Mexico oil blocks auction surpasses last week’s estimates

Mexico oil

Mexico oil auction called “a great result” by the country’s head of the oil industry regulator. ConocoPhillips photo.

Mexico oil blocks auction could mean $8.2 billion in investments

On Monday, Mexico auctioned 10 of 15 available shallow water oil and gas blocks that were up for grabs as the government opens up the Mexico oil industry to foreign investment.

The shallow water oil and gas blocks were located in the southern coastal waters of the Gulf of Mexico.  Monday’s auction was the fifth since the government changed the constitution in late 2013 to ten the 75-year long Pemex monopoly in production and exploration.

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Italy’s Eni took one of the blocks on its own and then partnered up in a consortium with other companies, including Capricorn and Mexican oil company Citla Energy to buy two more.

Citla and Capricorn also partnered up to win another block, just edging out Eni in a tie-breaker after a hotly contested bid for the ninth block where both bidders made the maximum possible offer.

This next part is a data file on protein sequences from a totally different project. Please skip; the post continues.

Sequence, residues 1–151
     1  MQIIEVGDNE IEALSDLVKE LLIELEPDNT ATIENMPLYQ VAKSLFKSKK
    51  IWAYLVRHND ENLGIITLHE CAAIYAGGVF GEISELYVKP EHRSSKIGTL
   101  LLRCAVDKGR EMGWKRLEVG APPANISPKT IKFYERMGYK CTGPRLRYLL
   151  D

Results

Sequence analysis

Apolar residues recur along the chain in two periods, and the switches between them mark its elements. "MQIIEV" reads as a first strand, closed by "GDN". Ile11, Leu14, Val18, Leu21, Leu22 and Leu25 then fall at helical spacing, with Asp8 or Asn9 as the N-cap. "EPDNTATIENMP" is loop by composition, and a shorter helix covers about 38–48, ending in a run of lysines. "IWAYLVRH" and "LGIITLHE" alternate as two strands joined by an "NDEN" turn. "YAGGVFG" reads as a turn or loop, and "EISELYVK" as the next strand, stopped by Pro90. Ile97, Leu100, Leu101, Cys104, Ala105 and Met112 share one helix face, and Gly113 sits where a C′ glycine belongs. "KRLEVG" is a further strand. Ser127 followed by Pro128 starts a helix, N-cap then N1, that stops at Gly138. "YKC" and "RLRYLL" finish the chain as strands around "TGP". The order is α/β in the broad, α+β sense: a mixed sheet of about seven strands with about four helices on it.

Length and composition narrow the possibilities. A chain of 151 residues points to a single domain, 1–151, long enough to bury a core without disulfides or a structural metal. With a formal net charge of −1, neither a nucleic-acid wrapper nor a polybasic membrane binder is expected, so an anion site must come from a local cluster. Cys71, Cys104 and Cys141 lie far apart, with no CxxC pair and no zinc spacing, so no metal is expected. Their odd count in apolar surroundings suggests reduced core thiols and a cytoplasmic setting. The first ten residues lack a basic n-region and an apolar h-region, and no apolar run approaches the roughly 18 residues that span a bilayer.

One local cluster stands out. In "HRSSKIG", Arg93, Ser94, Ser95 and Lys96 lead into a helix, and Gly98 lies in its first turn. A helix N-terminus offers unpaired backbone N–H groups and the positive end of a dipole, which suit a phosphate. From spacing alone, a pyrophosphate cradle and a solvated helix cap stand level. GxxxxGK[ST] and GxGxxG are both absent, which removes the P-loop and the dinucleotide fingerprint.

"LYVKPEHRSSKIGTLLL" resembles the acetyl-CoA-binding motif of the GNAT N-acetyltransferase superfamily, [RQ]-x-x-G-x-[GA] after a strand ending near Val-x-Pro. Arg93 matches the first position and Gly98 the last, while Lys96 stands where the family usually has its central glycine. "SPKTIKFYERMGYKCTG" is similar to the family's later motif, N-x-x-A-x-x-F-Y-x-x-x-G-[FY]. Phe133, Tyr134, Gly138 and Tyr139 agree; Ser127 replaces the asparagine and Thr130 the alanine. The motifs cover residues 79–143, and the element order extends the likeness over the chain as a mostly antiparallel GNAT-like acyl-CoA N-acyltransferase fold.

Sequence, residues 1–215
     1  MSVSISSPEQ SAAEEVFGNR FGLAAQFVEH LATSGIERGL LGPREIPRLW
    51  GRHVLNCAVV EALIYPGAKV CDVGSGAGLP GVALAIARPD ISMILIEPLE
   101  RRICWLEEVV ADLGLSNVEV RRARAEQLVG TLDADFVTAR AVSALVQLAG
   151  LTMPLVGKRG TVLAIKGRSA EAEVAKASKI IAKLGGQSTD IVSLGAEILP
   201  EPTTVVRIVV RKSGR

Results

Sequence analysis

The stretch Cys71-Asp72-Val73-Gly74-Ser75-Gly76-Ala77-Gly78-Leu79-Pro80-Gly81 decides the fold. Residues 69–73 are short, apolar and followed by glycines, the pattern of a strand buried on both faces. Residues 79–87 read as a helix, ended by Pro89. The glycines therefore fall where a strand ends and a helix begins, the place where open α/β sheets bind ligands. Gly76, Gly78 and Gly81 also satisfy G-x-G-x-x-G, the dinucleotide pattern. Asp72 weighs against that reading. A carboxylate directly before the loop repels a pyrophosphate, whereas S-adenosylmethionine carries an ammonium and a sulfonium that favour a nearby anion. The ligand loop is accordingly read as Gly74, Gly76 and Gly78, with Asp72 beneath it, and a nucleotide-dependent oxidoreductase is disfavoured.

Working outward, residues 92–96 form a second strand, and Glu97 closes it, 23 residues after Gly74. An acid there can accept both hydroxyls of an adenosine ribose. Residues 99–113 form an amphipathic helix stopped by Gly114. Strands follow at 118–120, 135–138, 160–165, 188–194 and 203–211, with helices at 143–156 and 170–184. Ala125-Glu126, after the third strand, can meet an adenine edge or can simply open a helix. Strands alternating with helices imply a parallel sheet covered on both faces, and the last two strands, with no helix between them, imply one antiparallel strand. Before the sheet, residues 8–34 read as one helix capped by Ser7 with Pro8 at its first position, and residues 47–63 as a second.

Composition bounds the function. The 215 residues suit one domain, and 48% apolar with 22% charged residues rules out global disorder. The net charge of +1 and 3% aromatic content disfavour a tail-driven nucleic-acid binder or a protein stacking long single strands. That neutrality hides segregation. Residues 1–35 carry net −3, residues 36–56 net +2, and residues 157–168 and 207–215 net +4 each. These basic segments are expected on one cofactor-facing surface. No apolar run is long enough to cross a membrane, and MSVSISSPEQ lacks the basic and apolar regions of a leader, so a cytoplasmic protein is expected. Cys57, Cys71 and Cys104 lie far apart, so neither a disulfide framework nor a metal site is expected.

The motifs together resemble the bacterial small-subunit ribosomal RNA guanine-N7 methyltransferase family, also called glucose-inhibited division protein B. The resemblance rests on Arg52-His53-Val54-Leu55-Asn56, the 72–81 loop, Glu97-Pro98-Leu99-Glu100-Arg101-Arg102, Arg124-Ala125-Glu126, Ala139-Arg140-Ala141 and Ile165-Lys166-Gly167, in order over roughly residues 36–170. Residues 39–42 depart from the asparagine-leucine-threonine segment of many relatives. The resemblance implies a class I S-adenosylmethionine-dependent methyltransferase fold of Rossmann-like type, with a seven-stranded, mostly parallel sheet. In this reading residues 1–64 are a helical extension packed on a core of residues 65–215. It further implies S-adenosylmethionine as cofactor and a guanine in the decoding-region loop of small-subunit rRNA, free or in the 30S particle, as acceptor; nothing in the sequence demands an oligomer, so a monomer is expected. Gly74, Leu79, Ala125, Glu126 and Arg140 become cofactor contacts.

Lukoil, one of Russia’s largest oil companies, also won one block.  A partnership involving Shell and France’s Total SA also won one of the Gulf of Mexico blocks.

“This is a great result,” Juan Carlos Zepeda, head of the oil industry regulator known as the CNH, told a news conference.

According to Reuters, the potential output from the auctioned blocks could be as much as 170,000 barrels per day of crude equivalent.  Investments could eventually reach $8.2 billion, said Energy Minister Pedro Joaquin Coldwell.

Mexico’s state-owned petroleum company Pemex won two blocks in Monday’s auction: one in a consortium with Deutsche Erdoel AG and another with Columbia’s Ecopetrol.

Ecopetrol also won a block with PC Carigali which is a unit of Petronas.

Repsol and Sierra Perote joined forces to win another block in the southern Gulf of Mexico.

The previous four auctions yielded 39 contracts with expected investment over the lifespan of the projects to be worth about $48.8 billion, according to the government.

The Mexican government is hoping investment in its energy sector from foreign countries will help reverse years of declining oil output.  Currently, total crude production in Mexico is at 2.01 million b/d, down from a peak of 3.38 million b/d in 2004.

 

 

 

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